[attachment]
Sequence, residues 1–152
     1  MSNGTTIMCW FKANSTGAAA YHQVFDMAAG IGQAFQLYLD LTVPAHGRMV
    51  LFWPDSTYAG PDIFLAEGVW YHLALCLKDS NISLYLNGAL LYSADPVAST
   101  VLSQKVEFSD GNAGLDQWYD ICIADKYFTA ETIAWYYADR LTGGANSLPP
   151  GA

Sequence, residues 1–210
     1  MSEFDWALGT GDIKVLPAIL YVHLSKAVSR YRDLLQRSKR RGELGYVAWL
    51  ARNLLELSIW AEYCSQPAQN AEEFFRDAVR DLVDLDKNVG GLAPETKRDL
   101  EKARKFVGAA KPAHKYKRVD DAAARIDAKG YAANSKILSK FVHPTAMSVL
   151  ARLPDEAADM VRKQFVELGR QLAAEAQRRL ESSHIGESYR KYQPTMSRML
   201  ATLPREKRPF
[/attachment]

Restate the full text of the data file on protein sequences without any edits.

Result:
Sequence, residues 1–152
     1  MSNGTTIMCW FKANSTGAAA YHQVFDMAAG IGQAFQLYLD LTVPAHGRMV
    51  LFWPDSTYAG PDIFLAEGVW YHLALCLKDS NISLYLNGAL LYSADPVAST
   101  VLSQKVEFSD GNAGLDQWYD ICIADKYFTA ETIAWYYADR LTGGANSLPP
   151  GA

Sequence, residues 1–210
     1  MSEFDWALGT GDIKVLPAIL YVHLSKAVSR YRDLLQRSKR RGELGYVAWL
    51  ARNLLELSIW AEYCSQPAQN AEEFFRDAVR DLVDLDKNVG GLAPETKRDL
   101  EKARKFVGAA KPAHKYKRVD DAAARIDAKG YAANSKILSK FVHPTAMSVL
   151  ARLPDEAADM VRKQFVELGR QLAAEAQRRL ESSHIGESYR KYQPTMSRML
   201  ATLPREKRPF